The Community at War

Preparation, Protection and Education

The National Emergency Services (NES) was established at the beginning of World War II in 1939 to ‘help protect, educate and provide aid on the home front.’ NSW Ambulance and St John’s Ambulance were engaged to provide first-aid training such as that undertaken by Nancy Irene Wallbank (1910–1981) of Dudley a suburb of Newcastle, NSW. The city of Greater Newcastle was considered a ‘tender spot’ during the war with its port, coal supply, steel production, shipbuilding and munitions manufacturing. 

Once she had completed her first-aid training Nancy successfully completed training as an Air Raid Precautions (ARP) warden in May 1942. As a warden Nancy was considered an ‘agent of the Defence Department’ and would have been allocated 50 houses in a designated locality with duties including handing out gas masks and guiding people to shelters along with administering initial first aid.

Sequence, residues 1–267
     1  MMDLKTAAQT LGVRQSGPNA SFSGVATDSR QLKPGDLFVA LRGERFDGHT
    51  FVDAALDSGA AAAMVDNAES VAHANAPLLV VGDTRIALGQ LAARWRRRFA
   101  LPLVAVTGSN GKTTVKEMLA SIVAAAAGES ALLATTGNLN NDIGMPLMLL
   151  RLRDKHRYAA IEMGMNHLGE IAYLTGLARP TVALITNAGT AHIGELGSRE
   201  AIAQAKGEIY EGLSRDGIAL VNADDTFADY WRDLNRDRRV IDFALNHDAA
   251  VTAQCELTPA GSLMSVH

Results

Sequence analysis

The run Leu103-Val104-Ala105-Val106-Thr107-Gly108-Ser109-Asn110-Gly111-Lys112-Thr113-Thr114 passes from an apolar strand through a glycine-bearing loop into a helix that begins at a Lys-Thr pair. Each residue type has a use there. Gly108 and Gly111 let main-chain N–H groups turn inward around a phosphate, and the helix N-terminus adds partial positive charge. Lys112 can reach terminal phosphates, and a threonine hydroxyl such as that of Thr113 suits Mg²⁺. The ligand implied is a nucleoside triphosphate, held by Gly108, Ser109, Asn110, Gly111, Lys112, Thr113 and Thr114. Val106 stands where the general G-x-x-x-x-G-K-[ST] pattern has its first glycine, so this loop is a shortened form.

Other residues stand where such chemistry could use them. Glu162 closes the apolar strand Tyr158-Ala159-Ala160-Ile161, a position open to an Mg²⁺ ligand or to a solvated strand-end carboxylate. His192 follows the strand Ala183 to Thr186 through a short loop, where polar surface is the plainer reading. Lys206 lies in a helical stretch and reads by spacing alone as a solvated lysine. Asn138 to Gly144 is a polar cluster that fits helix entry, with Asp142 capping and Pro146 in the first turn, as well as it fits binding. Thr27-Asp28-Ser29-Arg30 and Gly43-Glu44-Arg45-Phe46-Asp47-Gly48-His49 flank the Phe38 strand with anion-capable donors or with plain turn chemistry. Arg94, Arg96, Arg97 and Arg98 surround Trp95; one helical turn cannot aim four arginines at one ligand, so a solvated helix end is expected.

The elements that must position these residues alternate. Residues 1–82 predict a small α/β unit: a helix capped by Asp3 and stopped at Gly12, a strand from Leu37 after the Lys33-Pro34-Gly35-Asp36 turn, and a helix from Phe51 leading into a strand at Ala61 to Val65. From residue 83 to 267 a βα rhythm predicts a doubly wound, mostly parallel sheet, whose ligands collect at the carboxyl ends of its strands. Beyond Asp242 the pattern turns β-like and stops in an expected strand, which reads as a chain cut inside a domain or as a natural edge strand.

Each warden was issued with a NES Kit which they were required to carry with them at all times along with their respirator mask. Other members of the NES included first-aid personnel, stretcher-bearers and bomb-disposal squads all of whom were required to attend practice sessions, training films, and air-raid tests. The latter involved the whole community with school children acting the part of victims trapped in an air-raid shelter, a gas attack was acted out where masks had to be applied quickly and accurately and an emergency hospital established ready for action.

Nancy’s completion of her ARP training was extremely timely as on 8 June 1942 Newcastle was shelled by a Japanese submarine. An incident that brought the conflict to the home front and tested the community’s preparedness for war.